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UNESCO Chair in Bioethics


PSYCHIATRIC ETHICS AND THE
RIGHTS OF PERSONS WITH
MENTAL DISABILITIES IN

INSTITUTIONS AND
THE COMMUNITY

By

Prof. Michael L. Perlin

Prof. Harold Bursztajn

Kris Gledhill, Esq.

Prof. Eva Szeli
*

Contributing Editors

Lisa Cosgrove

Omar Sultan Haque

Robindra Paul

Beata Anna Zolovska

Page 2

COPYRIGHT © UNESCO Chair

UNESCO Chair in Bioethics Office


UNESCO Chair in Bioethics,
P.O.Box 6451, Haifa 31063, Israel

e-mail: [email protected]
Tel: 972 4 911 3281
Fax 972 4 821 1721




ISBN 965-7077-39-7

All rights reserved © 2008

No part of this publication may be reproduced, stored in a
retrieval system, or transmitted in any form or by any means,
electronic, mechanical photocopying recording or otherwise
without the prior written and signed permission of UNESCO
Chair in Bioethics. As a rule, permission will be given to the
review, abstraction, reproduction and translation of this
publication, in part or in whole, but not for sale nor for use in
conjunction with commercial purposes, subject to
acknowledgement of original publication by the UNESCO Chair
in Bioethics, the University of Haifa, Israel.

The views expressed in this document are solely the
responsibility of the authors and do not necessarily represent
the view of organizations with which they are associated.

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65Psychiatric Ethics and the Rights of Persons with Mental
Disabilities in Institutions and the Community

and when better may have no residual tendencies for violence.
Maintaining his trust and confidentiality now will allow him to
remain close to the medical care giving system in the chronic
phase of his illness, and thus further prevent any violent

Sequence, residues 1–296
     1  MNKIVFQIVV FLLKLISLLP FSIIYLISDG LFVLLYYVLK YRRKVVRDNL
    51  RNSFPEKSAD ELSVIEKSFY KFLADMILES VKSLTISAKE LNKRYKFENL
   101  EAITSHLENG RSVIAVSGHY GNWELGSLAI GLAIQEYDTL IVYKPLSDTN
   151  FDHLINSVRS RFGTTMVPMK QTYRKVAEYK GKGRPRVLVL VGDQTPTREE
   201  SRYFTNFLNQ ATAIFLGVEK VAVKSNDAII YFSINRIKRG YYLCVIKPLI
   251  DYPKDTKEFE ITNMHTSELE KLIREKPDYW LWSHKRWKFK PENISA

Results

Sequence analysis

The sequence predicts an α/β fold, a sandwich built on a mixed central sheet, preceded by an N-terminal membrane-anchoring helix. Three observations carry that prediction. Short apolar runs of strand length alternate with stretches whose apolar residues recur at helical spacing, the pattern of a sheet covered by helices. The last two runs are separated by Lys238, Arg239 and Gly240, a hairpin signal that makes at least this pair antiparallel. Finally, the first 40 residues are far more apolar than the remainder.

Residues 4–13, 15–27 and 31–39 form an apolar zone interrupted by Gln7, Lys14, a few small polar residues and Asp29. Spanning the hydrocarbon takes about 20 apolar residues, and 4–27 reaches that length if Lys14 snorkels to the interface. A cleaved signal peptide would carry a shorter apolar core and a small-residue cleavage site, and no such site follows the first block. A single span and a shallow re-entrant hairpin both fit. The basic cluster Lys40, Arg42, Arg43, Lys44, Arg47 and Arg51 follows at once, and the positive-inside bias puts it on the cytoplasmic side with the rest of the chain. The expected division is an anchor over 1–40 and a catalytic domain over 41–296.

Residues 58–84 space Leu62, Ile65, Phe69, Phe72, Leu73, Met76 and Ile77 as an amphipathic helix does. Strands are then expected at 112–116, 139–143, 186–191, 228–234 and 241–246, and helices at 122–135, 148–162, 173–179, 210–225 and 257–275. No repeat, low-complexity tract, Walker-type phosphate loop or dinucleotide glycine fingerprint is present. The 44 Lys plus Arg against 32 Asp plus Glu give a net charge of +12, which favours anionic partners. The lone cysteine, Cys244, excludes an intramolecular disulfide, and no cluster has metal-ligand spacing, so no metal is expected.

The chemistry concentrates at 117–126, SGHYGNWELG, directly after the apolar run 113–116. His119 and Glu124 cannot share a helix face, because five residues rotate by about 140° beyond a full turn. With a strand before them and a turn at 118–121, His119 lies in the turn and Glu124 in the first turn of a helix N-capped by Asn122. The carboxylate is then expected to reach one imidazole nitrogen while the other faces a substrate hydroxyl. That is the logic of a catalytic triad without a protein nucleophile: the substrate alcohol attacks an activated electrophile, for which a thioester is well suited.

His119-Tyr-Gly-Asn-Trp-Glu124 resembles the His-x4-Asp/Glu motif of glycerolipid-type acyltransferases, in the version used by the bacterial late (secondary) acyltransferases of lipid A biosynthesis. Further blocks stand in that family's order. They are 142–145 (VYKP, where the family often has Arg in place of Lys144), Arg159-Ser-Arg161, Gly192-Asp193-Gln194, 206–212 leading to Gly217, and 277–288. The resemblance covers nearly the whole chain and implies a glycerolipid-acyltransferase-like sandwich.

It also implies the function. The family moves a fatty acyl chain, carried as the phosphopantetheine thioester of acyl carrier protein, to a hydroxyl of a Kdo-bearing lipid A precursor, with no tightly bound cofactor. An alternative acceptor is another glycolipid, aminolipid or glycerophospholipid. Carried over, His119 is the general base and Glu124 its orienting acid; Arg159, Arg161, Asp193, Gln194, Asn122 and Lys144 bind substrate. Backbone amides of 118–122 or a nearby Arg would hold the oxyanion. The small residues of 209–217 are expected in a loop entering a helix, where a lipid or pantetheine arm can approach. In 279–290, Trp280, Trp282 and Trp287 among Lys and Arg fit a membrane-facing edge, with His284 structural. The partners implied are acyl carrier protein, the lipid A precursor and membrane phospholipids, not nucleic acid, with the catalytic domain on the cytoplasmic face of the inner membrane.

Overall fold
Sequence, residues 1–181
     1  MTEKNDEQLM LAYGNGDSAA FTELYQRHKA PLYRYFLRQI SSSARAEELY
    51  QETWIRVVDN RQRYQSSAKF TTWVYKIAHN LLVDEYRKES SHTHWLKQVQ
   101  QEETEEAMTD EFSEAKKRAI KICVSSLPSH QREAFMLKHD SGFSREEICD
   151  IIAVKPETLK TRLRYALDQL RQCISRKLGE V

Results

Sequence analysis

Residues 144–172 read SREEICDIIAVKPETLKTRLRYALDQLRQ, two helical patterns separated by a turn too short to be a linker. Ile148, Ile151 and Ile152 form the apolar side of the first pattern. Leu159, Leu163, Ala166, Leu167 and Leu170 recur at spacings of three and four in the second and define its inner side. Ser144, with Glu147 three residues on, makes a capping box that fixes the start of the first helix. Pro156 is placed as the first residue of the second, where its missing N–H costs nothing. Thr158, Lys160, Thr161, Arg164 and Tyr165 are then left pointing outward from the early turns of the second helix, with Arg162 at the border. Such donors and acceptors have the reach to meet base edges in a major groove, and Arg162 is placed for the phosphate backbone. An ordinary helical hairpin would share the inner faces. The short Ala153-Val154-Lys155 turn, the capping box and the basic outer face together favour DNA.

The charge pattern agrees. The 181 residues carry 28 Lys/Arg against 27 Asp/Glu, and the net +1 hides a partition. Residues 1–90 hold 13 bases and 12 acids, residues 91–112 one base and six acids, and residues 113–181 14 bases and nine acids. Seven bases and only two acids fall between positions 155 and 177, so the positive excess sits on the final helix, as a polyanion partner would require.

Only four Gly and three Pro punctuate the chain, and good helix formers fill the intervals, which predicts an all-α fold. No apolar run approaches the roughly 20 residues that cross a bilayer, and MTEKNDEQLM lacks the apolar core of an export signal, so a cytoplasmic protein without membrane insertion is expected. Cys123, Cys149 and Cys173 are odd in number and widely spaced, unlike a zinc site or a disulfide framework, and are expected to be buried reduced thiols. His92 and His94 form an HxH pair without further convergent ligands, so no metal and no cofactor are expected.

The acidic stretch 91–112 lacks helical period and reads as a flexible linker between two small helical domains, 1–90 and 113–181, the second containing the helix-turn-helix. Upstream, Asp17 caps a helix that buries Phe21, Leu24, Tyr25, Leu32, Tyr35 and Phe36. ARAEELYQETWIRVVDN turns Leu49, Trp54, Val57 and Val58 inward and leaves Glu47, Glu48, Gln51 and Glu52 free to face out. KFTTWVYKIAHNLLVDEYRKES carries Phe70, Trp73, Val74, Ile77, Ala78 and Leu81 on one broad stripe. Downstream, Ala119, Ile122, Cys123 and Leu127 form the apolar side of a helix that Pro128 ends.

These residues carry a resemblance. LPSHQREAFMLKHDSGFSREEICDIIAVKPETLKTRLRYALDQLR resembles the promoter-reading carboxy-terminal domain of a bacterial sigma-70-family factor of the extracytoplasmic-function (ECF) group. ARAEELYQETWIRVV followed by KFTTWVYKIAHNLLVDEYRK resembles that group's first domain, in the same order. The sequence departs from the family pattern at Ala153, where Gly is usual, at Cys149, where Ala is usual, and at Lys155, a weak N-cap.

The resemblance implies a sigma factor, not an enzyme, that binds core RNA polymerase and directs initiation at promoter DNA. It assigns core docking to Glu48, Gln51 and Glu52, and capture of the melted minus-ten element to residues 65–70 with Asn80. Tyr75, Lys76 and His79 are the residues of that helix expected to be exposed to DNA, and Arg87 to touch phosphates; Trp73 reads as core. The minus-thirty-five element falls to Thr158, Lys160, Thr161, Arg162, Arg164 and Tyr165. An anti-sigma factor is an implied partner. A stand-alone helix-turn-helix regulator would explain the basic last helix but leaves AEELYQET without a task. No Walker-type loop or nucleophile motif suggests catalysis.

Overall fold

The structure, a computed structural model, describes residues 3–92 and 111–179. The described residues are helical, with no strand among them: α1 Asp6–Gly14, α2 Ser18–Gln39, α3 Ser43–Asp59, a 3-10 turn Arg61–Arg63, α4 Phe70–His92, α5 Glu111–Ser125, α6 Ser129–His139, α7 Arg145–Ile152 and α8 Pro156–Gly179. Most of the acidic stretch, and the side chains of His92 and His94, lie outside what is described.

manifestations from manifesting.

Discussion

Psychiatrists’ capacity for accurate intuitions about future
dangerousness is an essential feature of Tarasoff-like cases. H’s
case exemplifies these complexities and suggests approaches
to resolve problems of clinical assessment.

The assessment of violence includes an understanding of the
type of harm, seriousness of harm, imminence of harm, and
likelihood of harm. Risk factors for future violence include a
history of violence, impulsiveness, reaction to violence,
motivation to maintain self-control, and use of alcohol and
drugs, which should be adequately documented.

The Tarasoff decisions include “imminent danger to identifiable
persons” as a guideline of when a duty to warn obtains. In
contrast to the Tarasoff case and others like it, no explicit threats
are made in the present case, and H denies having thoughts of
wanting to harm his girlfriend. Making problematic any clear
“identifiable persons” standard, H’s violent poetry entails
graphic and disturbing imagery about killing an unidentified
woman with characteristics similar to his girlfriend but without
explicitly naming her. Neither can imminent danger be verified,
as H denies any intent, plans or outward signs of anger towards
his girlfriend. However, given these circumstances, his girlfriend
can be considered naturally and foreseeable in the patient’s
zone of danger, and therefore warning her was appropriate.
Fully accurate predictions of potential violence are not as
central to Tarasoff as much as a basic threshold notion of duty
to warn and public safety.

The professional judgment required in Tarasoff-like situations is
difficult to attain alone. Seeking consultation from colleagues
or forensic psychiatry specialists can only help provide clarity,

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66 Psychiatric Ethics and the Rights of Persons with Mental
Disabilities in Institutions and the Community

and was the best choice in Mr H’s case. It is helpful to avoid
categorical one-dimensional reasoning (for example, as Mr H’s
case demonstrates, making the utterance of the name of the
potential victim an exclusive criterion for intervention) and
approach the decision as a comprehensive multidimensional
assessment of patient risk and public vulnerability.

The psychiatrist must understand the risk profile of the potentially
dangerous patient and identify individual risk factors for
dangerousness, such as capacity for communication under
duress, which was diminished in Mr H. Similarly, it is critical to
identify social risk factors for a potential victim, such as the
capacity for avoidance of the patient upon release. Mr H’s ex-